Your chance to explore local history using the website as an example of good oral history practice. This project will work best if the children have covered the background of this period.
To give children the chance to become Time Detectives by:
You may want to run over some of the work you have done on the Second World War already to remind children, before moving on to Step 1, which introduces the idea of people who volunteered during the Second World War.
Before you start, make sure the children have a copy of project sheet 1, which explains what they need to do.
Read out some of the stories with your class, looking at the experiences of these people during the Second World War.
Discuss how and why people volunteered to help other people, often their neighbours, who might have been affected by the war, for example by bombing. The following stories are particularly relevant:
These stories are all good examples of people, many of whom were children during the war, who volunteered to help others. They are also ideal for talking about how the war was a difficult time for many people, especially children.
Using project sheet 2, get the children to pick one of the stories on the site and fill in a log sheet about them, creating their ’story’ with words and pictures. Images, film clips and fact sheets in the story chosen, or in the resource library, will all be useful.
Children do not have to answer all the questions and could add others if they wish.
The children should be encouraged to find someone who was a child during the war. Using another copy of project sheet 2 they will ask them the questions to discover what it was like to be a child during the war in their area.
There may be someone in the child’s family who would be suitable, or perhaps they can find someone through a local community group.
Perhaps children could ’share’ an interviewee. Another option would be to interview someone coming into the school for a Veterans Day (see below). Children could record their interviews and take photographs of their interviewee.
If children cannot find someone to interview, they could repeat Step 1 with another story on the site. You may even find a story from your local area, or somewhere nearby. Another option would be to get some children to research a story and take on the character of that person, responding to questions from other children. They could even imagine they are on TV or radio being interviewed. The Youth and Cadets section would be ideal.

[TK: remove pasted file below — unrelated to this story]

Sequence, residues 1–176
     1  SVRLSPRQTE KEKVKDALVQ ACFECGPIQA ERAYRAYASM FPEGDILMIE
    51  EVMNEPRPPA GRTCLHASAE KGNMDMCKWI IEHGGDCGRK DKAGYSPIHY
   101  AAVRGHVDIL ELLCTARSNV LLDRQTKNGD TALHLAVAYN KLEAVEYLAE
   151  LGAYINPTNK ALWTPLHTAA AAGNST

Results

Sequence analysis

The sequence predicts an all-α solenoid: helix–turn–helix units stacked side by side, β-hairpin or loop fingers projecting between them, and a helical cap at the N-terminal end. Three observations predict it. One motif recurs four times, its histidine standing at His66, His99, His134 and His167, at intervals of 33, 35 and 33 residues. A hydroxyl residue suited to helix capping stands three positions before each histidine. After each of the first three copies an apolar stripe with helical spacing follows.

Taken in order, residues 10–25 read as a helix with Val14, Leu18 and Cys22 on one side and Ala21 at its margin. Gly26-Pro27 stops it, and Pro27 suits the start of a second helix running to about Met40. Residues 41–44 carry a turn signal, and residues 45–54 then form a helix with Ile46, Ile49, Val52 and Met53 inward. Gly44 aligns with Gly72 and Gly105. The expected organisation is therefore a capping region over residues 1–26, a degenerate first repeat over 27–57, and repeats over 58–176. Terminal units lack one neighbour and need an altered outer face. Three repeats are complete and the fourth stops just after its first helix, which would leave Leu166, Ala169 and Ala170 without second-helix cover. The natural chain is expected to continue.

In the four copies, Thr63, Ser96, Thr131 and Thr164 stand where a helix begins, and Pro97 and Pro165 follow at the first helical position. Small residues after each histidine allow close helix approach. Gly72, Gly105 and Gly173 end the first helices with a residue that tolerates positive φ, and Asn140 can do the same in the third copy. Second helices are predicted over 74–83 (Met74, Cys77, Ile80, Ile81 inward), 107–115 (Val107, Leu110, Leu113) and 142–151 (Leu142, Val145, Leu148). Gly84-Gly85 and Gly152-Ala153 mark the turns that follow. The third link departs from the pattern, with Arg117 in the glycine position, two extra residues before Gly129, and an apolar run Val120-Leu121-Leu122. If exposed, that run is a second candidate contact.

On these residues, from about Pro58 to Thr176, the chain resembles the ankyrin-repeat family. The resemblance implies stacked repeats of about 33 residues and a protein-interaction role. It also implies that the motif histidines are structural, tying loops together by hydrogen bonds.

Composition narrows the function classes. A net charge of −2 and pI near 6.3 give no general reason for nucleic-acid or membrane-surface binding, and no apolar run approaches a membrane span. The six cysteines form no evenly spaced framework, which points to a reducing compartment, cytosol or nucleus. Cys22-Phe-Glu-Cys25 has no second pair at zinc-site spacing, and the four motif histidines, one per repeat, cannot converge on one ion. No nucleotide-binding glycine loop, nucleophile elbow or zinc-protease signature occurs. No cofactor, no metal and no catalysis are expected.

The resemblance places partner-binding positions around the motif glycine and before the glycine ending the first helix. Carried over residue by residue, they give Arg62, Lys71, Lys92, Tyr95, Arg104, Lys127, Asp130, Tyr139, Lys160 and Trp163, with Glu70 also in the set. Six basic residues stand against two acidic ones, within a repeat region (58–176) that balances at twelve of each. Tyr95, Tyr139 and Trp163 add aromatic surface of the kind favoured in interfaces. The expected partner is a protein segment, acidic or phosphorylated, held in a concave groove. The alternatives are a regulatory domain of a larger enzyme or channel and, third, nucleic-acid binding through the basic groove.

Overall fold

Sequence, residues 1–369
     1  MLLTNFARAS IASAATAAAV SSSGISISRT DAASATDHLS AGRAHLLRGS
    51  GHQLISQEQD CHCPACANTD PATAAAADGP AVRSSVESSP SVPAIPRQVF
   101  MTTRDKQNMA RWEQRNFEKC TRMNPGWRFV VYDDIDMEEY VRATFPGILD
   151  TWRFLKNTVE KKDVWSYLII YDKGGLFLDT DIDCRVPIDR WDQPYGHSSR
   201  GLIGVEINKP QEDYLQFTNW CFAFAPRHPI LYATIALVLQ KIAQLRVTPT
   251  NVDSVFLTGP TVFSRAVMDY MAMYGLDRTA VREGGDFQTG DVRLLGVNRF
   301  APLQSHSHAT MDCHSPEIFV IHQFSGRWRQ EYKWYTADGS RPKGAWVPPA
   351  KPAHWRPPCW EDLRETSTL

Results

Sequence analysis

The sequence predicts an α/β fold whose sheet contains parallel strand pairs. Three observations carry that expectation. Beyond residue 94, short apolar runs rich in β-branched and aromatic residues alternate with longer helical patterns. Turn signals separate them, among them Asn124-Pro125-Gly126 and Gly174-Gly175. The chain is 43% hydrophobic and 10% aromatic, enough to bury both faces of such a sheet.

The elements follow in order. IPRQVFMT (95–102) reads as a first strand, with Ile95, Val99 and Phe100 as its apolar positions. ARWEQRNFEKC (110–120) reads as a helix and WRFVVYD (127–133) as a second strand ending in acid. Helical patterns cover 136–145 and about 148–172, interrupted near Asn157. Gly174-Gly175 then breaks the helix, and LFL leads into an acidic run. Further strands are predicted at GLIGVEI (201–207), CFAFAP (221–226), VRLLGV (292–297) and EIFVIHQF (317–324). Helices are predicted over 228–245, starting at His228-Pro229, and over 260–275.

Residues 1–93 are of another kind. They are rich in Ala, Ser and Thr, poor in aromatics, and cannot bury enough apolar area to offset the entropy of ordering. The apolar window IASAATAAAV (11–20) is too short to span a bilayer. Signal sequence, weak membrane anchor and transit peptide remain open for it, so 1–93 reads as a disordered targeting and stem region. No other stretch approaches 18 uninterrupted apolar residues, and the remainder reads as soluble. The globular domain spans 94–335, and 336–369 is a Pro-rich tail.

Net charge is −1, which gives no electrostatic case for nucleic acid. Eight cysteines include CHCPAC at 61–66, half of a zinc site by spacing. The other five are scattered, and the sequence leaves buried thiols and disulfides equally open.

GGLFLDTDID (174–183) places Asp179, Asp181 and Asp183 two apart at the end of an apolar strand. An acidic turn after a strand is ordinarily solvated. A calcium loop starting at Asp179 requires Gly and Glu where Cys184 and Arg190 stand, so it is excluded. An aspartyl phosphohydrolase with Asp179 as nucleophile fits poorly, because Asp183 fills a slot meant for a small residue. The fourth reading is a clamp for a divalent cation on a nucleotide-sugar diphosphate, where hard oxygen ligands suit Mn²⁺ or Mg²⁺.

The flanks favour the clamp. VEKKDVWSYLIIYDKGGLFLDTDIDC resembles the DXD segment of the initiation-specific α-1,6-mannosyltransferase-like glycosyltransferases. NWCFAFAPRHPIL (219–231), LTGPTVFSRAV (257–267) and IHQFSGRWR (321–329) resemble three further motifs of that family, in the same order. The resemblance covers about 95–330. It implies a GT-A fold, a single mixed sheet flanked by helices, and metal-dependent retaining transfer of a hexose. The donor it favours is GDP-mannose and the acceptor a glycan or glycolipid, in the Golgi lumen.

The next step is for the children to create a piece of written work using the interviews. You may have already have done some work on your local area during the war.
You could also look at what sort of jobs or roles people from the children’s area and background may have volunteered for (the site will give you some ideas).
The list of contributors to the site will help you select some relevant interviews to show to your children before they start their own detective work.
The children could write a story based on their interviewee’s experiences, or a letter from the interviewee to an imagined family member. The focus should be on how the war affected the lives of these people when they were children.
You could hold a Veterans’ Day at school, inviting veterans along to an assembly or lesson. You could prepare for this by making a group wall display with the children’s work, adding images and stories from the resource library. Ways of contacting veterans are suggested below.
Another extension activity could be to make links with wars today, looking at how many children are still trapped within them, and what ordinary people can do to help. The British Red Cross website has some useful resources.